Even though concert goers may equate Watain’s stage production as a horror show, front man Erik Danielsson sees it as something more profound and ritualistic. Death certainly had its cold, unforgiving hands around Watain’s stage tonight. Two cages held skeletons with a scythe placed above the cages. An animal jaw bone was impaled upon a trident point. Pig heads sat grotesquely on inverted crosses. Danielsson brought out a skull filled with blood, which he used to baptize the crowd in its foul essence. Musically, the band was tight and sounded great. Their energy was more apparent than Mayhem. From their speed to their melodies to Danielsson’s haunting wails, Watain showed why they are true great black metal acts. Their set list is as follows:

1. Underneath the Cenotaph
2. Black Flames March
3. Angelrape
4. Outlaw
5. Sleepless Evil
6. The Golden Horns of Darash
7. On Horns Impaled
8. Devil's Blood
9. Legions of the Black Light
10. Malfeitor

The familiar kettle drums of doom from the “Deathcrush” intro sounded the arrival of Norway’s most infamous export. A mysterious Teloch walked forward with guitar in hand shrouded in a hood. Cheers of “Necrobutcher” accosted the bassist as he joined guitarist Charles Hedger on the stage. Attila wore his own brand of corpsepaint, mired in symbols, and a large, iron inverted iron cross hung around his neck. Like Watain, pig heads were affixed to large inverted crosses. Once the bizarre percussion of “Silvest Anfang” ceased, an explosion of ominous tremolo tones and blasting drums as the band played “Funeral Fog.”

The band played many classic cuts like “Freezing Moon,” “Deathcrush” and closed with “Pure Fucking Armageddon.” Also post-Euronymous tracks like “Time To Die” from “Grand Declaration of War” and “Whore” from “Chimera” made it into their set. Attila narrowed his vision to mostly savage screams when the group played Maniac-led numbers. However he employed his full range on songs such as “Life Eternal” and “De Mysteriis Dom Sathanas.” His voice was mournfully operatic during the clean parts of “De Mysteriis Dom Sathanas.” His theatrics were a spectacle to behold, too, brandishing a noose or kissing a skull while he morbidly sung to it. Decked out in a cape, he loomed like Dracula during their epic rendition of "Freezing Moon"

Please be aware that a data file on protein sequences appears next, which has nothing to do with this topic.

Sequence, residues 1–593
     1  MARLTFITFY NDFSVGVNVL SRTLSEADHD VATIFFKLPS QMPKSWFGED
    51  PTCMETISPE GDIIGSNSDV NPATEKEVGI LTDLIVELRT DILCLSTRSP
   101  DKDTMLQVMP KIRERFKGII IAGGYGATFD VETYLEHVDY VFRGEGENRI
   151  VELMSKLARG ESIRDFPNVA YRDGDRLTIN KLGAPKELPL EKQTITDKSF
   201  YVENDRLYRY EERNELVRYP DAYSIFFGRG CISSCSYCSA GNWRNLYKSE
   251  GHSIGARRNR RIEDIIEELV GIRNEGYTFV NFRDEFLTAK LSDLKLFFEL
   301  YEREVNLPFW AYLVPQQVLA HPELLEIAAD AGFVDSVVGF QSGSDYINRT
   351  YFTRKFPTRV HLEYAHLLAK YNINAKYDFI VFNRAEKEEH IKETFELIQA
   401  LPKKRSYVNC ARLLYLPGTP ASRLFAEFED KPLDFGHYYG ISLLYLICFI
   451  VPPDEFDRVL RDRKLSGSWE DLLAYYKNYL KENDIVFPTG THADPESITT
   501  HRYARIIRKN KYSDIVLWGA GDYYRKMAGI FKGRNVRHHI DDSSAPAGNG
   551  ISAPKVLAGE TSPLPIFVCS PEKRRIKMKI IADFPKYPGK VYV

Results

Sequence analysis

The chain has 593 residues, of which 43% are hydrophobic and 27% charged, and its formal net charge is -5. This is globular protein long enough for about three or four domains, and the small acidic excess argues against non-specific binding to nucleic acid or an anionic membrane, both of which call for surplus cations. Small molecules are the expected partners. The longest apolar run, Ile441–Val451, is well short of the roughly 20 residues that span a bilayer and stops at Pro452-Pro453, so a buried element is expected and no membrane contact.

Hellhammer’s drum rolls, fills and blasts were bewildering fast and barbaric. Helllhammer released so much energy when the speed kicked in on “Funeral Moon” and “Life Eternal” He deserves to be in any conversation about who the best black metal drummer is. Necrobutcher gave the group attitude. His finest moment came during the slow build up at the beginning of “Chainsaw Gutsfuck,” when the group isolated the boding evil tones of his bass. Teloch brought atmosphere to the band and deftly played Euronymous’ sinister solos. Charles Hedger looked the part of a soldier from Satan’s army, an intimidating combination of bald head and goatee as he picked furiously.

The consensus seems to be that Watain stole the show. They put out more energy than Mayhem, but Mayhem still has it. The speed is still there. The infernal atmosphere and Attila’s varied, distinct tongue and antics that’s at a level that can not be compared to other groups. As most fans, I did not see Dead, so I can’t comment on his performance. Maniac had a great voice, but was boring compared to Attila. Hearing their classic songs played live is a tremendous experience. Those songs were innovative and defy usurpation.

Mayhem’s set list is as follows:

1. Silvest Anfang
2. Funeral Fog
3. Whore
4. My Death
5. To Daimonion
6. Deathcrush
7. Time To Die
8. Illuminate Eliminate
9. Life Eternal
10. Chainsaw Gutsfuck
11. Freezing Moon
12. De Mysteriis
13. Carnage
14. Pure Fucking Armageddon

Join us tomorrow as we recap Venom's performance.

Rex_84's avatar

An avid metal head for over twenty years, Darren Cowan has written for several metal publications and attended concerts throughout various regions of the U.S.